This article is one in a series that have been released in conjunction with Wayne's new book, 101 Performance Projects for Your BMW 3 Series. The book contains 272 pages of full color projects detailing everything from performance mods to timing the camshafts. With more than 650+ full-color glossy photos accompanying extensive step-by-step procedures, this book is required reading in any 3 Series owner's collection. The book was released in August 2006, and is available for ordering now. See The Official Book Website for more details.
I don't know if this happened to you or not, but did you ever park your car on a hill, only to slowly see it start rolling away after you come out of the store? Granted, this is a worst-case scenario, and how many people don't put the car in gear while parked? Regardless, the parking brakes eventually wear down over time, causing them to become ineffective in holding the car when parked. In this tech article, I will go over the relatively easy steps involved in adjusting the parking brakes on the BMW E30 3 Series models from 1984-92. Keep in mind that this article is specific to cars with rear disc brakes. The 318i from 1984-86 uses rear drum brakes. The procedure for adjusting them is the same as well.
Parking brakes work essentially like a drum style brake. There are two shoes mounted on the inside of the brake rotor. When you pull up on the handbrake, it drives the shoes outward, causing them to grip the inside of the brake rotor. Over time, friction wears the shoes down, causing them to not grip the inside of the rotor. The solution is to re-adjust the shoes so that they again come into contact with the rotor.
Here's how it is done. Start off by chocking the front wheels. This will keep the car from rolling when you jack up the rear wheels, which is the next step. For those of you not familiar with jacking up the rear end, I highly recommend you check out Wayne's article on jacking up your BMW.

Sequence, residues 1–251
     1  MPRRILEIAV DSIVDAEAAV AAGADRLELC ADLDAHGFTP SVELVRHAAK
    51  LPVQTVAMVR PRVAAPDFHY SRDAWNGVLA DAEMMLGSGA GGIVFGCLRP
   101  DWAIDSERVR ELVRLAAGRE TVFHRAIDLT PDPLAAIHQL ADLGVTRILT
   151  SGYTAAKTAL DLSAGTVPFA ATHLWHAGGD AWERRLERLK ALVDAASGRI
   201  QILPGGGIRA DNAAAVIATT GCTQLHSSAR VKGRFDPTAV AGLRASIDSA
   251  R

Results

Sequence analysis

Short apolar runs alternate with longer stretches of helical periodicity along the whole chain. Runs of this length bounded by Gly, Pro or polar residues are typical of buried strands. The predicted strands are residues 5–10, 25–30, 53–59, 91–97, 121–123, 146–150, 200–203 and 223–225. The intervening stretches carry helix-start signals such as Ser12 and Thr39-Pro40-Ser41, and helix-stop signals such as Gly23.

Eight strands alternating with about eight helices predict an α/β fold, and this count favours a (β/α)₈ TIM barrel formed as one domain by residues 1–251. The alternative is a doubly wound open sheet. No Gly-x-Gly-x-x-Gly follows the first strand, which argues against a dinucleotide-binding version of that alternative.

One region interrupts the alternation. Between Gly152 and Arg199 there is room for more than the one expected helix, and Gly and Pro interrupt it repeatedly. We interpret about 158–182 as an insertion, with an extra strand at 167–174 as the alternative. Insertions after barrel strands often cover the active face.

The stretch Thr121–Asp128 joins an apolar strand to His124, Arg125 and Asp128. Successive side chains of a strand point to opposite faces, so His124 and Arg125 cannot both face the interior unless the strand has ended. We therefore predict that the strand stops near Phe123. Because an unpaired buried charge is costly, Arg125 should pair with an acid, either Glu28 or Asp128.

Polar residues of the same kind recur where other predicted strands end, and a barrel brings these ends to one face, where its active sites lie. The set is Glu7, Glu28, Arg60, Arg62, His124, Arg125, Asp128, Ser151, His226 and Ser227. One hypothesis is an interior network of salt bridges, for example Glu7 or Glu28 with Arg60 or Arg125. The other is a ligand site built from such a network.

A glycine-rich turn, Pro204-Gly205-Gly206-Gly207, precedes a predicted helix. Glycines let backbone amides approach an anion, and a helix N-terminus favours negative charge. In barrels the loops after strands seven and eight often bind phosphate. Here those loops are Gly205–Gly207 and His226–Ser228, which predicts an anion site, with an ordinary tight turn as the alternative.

Be sure to jack the car up on a structural member. Otherwise, you risk damaging the chassis. I have seen jacks go through floorboards on cars before. Also be sure to support the car on jack stands. NEVER rely on a jack to keep the car up in the air.
Once jacked up, put the car in neutral, release the handbrake and pump the brakes a few times to seat the pads. Remove the rubber boot around the handbrake. You will now see two nuts in front of the lever. These nuts are used to adjust the parking brake. Slowly pull up on the handbrake until it clicks five times. Once it clicks five times, it is in the correct position to be adjusted.
Now have a helper turn the rear wheels. The idea here is to turn the adjusting nuts until the rear wheels just stop turning. Be sure use turn each nut in equal turns until both wheels begin to drag and stop. Once they stop turning, release the handbrake and check that the wheels spin freely.
Once they spin freely, Spray a little WD-40 over the parking brake mechanism. This will keep things nice and lubricated. Now re-install the rubber boot around the assembly and lower the car.
And that's it, you're done!
Well, there you have it - it's really not too difficult at all. If you would like to see more technical articles like this one, please continue to support Pelican Parts with all your parts needs. If you like what you see here, then please visit our online BMW catalog and help support the collection and creating of new and informative technical articles like this one. Your continued support directly affects the expansion and existence of this site and technical articles like this one. As always, if you have any questions or comments about this helpful article, please drop us a line.